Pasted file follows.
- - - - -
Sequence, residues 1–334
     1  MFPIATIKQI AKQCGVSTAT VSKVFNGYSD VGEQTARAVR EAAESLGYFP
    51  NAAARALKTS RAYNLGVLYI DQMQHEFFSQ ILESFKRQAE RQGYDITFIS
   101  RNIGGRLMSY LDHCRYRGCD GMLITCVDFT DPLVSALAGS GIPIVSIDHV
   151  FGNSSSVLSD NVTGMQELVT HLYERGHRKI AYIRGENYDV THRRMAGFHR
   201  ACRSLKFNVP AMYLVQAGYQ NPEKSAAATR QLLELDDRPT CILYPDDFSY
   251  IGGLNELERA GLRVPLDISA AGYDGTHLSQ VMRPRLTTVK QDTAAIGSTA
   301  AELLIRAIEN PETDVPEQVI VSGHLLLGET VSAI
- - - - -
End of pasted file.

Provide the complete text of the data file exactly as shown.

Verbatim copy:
Sequence, residues 1–334
     1  MFPIATIKQI AKQCGVSTAT VSKVFNGYSD VGEQTARAVR EAAESLGYFP
    51  NAAARALKTS RAYNLGVLYI DQMQHEFFSQ ILESFKRQAE RQGYDITFIS
   101  RNIGGRLMSY LDHCRYRGCD GMLITCVDFT DPLVSALAGS GIPIVSIDHV
   151  FGNSSSVLSD NVTGMQELVT HLYERGHRKI AYIRGENYDV THRRMAGFHR
   201  ACRSLKFNVP AMYLVQAGYQ NPEKSAAATR QLLELDDRPT CILYPDDFSY
   251  IGGLNELERA GLRVPLDISA AGYDGTHLSQ VMRPRLTTVK QDTAAIGSTA
   301  AELLIRAIEN PETDVPEQVI VSGHLLLGET VSAI